In college I acquired a rather magnificent reader of English writings during the tumultuous time of the late-16th to early-18th centuries. During this period, England saw the ascendence of its own variety of Continental absolutism; the “divine right of kings” championed by England’s great absolutist James I and his less-successful son Charles I. It also saw the rebellion of the Puritan parliamentarians and the subsequent overtaking of their revolution by the Dissenters and the dictator Oliver Cromwell; and, finally, the restoration of the constitutional monarchy under Charles II. The reader, Divine Right and Democracy, is a collection of political pamphlets and treatises all tending, to one degree or another, to support one of two positions: either that the absolute Monarch is established by God and must have the final word in all matters; or that Divinely-sanctioned government must find its legitimacy in some way through the approval of the people. These views are in many ways each other’s twins, as I will show; for this reason I restrained myself with difficulty from plagiarizing the anthology’s title.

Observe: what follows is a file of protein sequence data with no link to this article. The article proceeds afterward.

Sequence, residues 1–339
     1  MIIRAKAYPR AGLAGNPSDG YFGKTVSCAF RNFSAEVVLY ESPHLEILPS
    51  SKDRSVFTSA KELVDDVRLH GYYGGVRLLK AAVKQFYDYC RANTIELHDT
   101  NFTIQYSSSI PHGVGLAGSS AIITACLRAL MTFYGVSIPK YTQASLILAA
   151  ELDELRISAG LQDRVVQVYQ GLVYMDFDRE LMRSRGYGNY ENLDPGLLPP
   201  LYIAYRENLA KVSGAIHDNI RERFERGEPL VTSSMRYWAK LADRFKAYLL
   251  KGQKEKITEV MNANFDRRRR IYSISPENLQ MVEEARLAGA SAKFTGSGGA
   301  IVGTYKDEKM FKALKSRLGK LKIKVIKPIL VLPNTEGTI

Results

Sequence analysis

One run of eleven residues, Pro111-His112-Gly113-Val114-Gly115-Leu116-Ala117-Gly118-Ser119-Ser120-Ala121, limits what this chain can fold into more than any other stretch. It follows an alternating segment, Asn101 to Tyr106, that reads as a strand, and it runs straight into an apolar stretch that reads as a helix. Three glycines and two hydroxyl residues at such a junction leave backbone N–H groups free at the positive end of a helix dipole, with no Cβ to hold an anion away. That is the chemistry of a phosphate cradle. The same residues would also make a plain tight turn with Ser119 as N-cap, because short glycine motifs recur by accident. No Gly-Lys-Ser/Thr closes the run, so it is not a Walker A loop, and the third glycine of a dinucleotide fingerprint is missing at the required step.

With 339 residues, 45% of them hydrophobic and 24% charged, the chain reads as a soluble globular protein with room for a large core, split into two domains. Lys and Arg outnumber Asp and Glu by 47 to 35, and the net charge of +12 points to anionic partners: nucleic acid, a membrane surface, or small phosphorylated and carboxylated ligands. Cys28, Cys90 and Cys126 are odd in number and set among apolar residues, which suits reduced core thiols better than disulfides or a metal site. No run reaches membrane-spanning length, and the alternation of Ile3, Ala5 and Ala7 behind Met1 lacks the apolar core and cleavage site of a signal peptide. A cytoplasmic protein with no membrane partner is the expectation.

The political history of the late middle ages is the history of the decay of the feudal system and an increasing imbalance of power within nations. Under the feudal system, political sovereignty depended upon land and the people who worked it; thus, greater lords depended on lesser nobles for their prestige; and kings of greater nations such as England or France depended upon a coalition of lords and representatives of the clergy to support the king’s claim to represent the country. This form of legitimation was not, in most cases, expressed through legislatures or votes, but through material support. Kings possessed by hereditary right and long custom the chief rule of a country, but their sovereignty was constrained by the assent of the lesser sovereigns of his domain. Nobles depended upon the king as rex (“King”) to settle disputes and maintain the internal peace; they also depended upon him as dux (“Duke”) to wage war in the case of rebellions or external threats.* Kings, in turn, relied upon the nobles to provide the goods and men necessary to carry out these responsibilities; and the nobles relied in turn upon their barons for military levies and material support. The medieval Church also provided spiritual and financial support.